Michelle Badash, MS
The goal of heart failure treatment is to improve heart function, control excess water and salt retention, and reduce further risk of heart damage. Keep in mind that heart damage that has already occurred cannot be reversed.
In general, heart failure is treated with a combination of lifestyle changes and medications. These treatments help reduce the strain on your heart and prevent further damage.
If your heart failure cannot be managed with lifestyle changes or medications, you may need a surgical procedure. Surgical procedures are used to implant a medical device that helps your heart work more efficiently. If your heart failure is advanced or cannot be medically managed, you may need a heart transplant. Surgery can also repair other heart conditions that contribute to your heart failure.
If you have any underlying conditions, such as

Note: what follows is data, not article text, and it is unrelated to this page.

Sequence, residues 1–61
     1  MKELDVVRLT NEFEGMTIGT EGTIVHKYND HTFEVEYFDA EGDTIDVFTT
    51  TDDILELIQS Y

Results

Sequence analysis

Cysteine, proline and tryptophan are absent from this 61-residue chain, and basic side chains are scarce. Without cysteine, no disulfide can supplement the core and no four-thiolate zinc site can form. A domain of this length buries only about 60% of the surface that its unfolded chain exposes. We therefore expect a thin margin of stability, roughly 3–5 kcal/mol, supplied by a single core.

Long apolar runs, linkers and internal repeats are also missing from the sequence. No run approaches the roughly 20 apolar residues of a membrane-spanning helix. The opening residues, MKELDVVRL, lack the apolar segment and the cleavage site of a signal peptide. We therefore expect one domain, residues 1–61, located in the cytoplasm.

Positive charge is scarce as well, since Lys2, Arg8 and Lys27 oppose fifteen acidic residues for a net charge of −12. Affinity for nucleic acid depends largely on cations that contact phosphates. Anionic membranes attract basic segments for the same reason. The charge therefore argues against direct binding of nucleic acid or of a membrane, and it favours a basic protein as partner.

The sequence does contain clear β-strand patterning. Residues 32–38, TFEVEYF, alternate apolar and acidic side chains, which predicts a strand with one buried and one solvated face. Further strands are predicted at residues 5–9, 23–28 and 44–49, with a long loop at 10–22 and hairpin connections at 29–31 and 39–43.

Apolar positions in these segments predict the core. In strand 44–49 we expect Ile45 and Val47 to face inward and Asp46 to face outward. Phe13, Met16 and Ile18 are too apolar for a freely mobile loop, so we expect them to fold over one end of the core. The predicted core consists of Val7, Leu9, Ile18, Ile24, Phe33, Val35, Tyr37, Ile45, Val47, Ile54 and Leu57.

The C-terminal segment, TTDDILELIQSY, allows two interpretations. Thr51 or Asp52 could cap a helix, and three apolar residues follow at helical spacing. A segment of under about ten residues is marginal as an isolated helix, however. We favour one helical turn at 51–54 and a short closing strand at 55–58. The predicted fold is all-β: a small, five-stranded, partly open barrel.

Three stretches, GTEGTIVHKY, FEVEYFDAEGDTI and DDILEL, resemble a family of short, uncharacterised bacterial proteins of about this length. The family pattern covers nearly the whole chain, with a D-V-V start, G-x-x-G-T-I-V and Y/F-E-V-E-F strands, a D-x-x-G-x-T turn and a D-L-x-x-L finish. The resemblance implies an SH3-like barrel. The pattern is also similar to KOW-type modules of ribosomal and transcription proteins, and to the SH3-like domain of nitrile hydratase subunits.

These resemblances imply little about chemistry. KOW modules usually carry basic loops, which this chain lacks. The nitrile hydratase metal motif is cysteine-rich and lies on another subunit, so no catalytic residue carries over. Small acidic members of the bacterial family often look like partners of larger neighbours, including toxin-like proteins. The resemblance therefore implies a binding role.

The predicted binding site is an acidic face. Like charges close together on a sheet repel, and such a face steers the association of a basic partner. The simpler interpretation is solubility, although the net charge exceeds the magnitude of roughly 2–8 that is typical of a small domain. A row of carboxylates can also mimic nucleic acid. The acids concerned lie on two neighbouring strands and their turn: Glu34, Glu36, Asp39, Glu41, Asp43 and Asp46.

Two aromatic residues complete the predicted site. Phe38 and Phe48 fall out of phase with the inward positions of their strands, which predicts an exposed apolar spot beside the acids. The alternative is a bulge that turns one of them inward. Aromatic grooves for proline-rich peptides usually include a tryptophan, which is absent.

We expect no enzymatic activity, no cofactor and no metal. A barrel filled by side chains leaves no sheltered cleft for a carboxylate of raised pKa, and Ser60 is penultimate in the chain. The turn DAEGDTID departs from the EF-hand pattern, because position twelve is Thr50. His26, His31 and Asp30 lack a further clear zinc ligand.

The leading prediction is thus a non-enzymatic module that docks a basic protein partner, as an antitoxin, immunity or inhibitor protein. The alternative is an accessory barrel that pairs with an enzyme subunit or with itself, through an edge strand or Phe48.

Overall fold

high blood pressure, they will need to be managed as well.
It is likely you will have a health care team that is made up of doctors, surgeons, nurses, pharmacists, and other health professionals. It is important throughout your course of treatment to work with your team by maintaining contact, adhering to treatment, and going to any scheduled appointments.
Treatment for heart failure involves the following:
Heart failure with reduced ejection fraction. EBSCO DynaMed Plus website. Available at: http://www.dynamed.com/topics/dmp~AN~T114099/Heart-failure-with-reduced-ejection-fraction. Updated August 16, 2016. Accessed October 3, 2016.
How is heart failure treated? National Heart, Lung, and Blood Institute website. Available at: http://www.nhlbi.nih.gov/health/health-topics/topics/hf/treatment.html. Updated January 9, 2012. Accessed October 8, 2013.
Prevention & treatment of heart failure.
American Heart Association website. Available at:
http://www.heart.org/HEARTORG/Conditions/HeartFailure/PreventionTreatmentofHeartFailure/Prevention-Treatment-of-Heart-Failure_UCM_002048_Article.jsp. Updated March 29, 2013. Accessed October 8, 2013.
Last reviewed September 2016 by Michael J. Fucci, DO, FACC
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